Friday, September 26, 2008
This is something I will have to look into.
One of the main reasons I had to quit diving over the past 4 and a half years is that my balance was too poor to be able to handle dive equipment safely. I have been lifting weights consistently at the gym for a year and a half, in addition to doing water aerobics and pracitce standing on the BOSU balance device. FINALLY, I have reached the point that I can stand and support myself with a scuba tank and weights on without falling over. However, walking with the equipment on and entering and exiting the water is another story.
Again, my legs quiver as if about to snap like when hiking and I stop to stand in the middle of a hill. It was a little embarassing, but I needed help getting in and out of the water on my first open water dive recently. The gear is just so heavy compared to the normal weight one carries around. Then when exiting the water it gets even heavier.
It made me go to the gym the next day and work harder lifting more weight. I do not want to be any kind of body builder but just be able to partake in the normal activities I did before losing balance. Even though I am strong and probably have the most muscle mass I have ever had in my life, the loss of balance will make me just crumble in certain situations. It is really amazing and something I could not comprehend at all until it happened to me.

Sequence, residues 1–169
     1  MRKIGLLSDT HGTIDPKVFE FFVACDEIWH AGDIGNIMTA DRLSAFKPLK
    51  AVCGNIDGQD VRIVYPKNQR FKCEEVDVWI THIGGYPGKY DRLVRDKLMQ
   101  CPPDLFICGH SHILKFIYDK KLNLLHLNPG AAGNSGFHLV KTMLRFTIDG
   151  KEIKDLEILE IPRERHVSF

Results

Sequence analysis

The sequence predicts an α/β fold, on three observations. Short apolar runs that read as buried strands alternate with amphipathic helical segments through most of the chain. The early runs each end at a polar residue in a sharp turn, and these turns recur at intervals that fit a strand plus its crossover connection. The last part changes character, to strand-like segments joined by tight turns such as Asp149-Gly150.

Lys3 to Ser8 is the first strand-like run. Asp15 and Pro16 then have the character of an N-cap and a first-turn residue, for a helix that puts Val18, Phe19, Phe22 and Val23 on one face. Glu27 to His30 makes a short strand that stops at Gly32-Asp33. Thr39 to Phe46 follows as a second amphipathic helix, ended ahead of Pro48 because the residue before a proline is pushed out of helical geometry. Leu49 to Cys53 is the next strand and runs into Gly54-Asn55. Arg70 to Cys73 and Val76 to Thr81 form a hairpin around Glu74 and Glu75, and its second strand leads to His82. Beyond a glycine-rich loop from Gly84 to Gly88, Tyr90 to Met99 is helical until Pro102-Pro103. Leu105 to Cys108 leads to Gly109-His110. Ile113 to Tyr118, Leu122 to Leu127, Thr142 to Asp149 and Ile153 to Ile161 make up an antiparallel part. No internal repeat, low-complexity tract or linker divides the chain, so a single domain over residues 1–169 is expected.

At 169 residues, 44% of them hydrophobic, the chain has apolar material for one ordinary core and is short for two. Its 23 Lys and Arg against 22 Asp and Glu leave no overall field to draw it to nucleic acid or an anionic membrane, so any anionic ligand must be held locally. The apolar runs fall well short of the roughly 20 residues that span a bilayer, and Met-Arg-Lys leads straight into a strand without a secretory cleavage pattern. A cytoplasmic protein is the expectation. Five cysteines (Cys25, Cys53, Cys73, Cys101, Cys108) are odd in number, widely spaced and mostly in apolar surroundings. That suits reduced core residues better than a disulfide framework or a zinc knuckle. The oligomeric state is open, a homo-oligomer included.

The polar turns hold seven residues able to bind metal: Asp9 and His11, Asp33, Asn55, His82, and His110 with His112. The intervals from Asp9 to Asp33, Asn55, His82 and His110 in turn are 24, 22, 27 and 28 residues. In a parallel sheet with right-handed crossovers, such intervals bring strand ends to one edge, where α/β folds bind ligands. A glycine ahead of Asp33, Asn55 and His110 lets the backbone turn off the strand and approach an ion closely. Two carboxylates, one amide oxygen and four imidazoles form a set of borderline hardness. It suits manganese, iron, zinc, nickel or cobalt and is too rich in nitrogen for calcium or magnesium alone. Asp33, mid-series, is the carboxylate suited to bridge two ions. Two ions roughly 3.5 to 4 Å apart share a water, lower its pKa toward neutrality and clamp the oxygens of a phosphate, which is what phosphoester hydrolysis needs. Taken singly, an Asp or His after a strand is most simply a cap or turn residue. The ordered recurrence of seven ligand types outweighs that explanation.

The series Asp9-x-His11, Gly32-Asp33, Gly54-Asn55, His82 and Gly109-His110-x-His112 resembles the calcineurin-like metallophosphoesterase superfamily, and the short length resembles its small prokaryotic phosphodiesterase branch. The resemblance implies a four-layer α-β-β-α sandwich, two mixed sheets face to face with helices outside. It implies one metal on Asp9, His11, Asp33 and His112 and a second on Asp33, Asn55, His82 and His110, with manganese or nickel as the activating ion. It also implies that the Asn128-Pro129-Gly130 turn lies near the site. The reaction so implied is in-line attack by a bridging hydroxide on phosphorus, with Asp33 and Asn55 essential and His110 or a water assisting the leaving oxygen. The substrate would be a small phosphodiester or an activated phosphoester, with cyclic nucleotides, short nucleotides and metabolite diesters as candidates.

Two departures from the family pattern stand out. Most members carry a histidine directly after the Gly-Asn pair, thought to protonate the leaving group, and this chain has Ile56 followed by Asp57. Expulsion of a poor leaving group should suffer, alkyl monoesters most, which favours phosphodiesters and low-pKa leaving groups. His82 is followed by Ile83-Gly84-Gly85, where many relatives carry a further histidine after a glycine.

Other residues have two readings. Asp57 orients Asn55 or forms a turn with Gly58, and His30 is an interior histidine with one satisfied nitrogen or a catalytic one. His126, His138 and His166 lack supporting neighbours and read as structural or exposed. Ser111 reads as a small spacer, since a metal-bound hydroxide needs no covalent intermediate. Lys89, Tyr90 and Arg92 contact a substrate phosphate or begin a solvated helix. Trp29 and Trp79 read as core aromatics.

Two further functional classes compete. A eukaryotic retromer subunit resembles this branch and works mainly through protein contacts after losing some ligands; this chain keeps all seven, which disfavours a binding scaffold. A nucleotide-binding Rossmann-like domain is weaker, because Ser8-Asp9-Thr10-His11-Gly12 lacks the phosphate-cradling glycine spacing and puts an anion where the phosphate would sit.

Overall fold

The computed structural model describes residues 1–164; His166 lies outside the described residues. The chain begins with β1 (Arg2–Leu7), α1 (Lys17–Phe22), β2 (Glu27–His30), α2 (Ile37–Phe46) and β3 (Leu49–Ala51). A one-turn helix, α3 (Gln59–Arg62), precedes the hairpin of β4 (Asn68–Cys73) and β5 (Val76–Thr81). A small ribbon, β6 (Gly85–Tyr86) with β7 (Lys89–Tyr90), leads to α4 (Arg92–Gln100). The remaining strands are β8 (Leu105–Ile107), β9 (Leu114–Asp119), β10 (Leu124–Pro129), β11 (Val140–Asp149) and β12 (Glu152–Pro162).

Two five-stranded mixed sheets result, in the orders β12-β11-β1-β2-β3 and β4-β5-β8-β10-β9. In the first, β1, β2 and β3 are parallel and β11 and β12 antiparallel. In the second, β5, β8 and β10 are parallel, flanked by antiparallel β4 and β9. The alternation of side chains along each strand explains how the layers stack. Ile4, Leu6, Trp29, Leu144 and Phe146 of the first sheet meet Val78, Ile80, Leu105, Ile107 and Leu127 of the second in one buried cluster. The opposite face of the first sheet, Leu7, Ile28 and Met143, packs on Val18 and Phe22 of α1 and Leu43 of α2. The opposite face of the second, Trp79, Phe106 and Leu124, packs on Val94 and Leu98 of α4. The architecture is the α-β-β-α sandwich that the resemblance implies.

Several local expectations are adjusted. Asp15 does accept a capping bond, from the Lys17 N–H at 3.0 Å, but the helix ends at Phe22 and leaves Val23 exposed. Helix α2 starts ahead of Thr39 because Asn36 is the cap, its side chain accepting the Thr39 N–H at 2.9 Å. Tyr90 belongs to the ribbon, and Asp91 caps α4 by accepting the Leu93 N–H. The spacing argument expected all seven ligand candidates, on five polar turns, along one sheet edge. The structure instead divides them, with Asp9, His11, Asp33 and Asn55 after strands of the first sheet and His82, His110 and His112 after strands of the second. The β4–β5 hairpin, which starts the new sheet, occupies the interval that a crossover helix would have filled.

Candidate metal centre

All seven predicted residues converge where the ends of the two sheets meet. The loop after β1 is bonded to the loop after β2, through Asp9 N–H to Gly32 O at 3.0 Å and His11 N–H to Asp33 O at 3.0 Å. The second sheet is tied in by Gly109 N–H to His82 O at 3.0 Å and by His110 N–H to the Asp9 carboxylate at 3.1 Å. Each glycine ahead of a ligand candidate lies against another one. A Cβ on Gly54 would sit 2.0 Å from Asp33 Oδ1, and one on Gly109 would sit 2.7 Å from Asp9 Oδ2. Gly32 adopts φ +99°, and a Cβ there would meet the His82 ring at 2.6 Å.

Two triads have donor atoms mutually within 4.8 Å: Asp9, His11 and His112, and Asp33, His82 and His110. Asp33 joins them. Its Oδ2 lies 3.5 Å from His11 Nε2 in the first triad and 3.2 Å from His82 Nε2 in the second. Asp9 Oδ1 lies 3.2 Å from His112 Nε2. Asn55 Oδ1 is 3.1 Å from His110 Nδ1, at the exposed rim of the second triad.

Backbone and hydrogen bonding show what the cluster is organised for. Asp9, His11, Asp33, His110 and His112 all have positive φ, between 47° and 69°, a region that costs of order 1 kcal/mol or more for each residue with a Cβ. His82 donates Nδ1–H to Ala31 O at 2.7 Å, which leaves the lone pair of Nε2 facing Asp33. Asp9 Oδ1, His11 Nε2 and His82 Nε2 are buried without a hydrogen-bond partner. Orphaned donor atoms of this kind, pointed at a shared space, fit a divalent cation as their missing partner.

Anyhow, it was kind of discouraging to realize that shore diving probably is not going to work out to well for me unless I have a couple strong buddies to either carry my gear for me or to support me on either side on my walk to and from the water. Further, the situation greatly limits the number of places I could shore dive in comparison to what I did before. As a result, boat diving, which can be costly, is the most ideal for me.
I was thinking how it would be nice to have poles or some type of cane or carrying device for diving. When doing a search on Craig's list for certain equipment, I came across the scuba caddy which could expand my opportunities and extend the length of years I could dive in the NW.
A portion of the sales of this adaptive device go to the following charities for disabled divers:
Diving a Dream http://www.divingadream.org/
Dive Heart http://www.diveheart.org/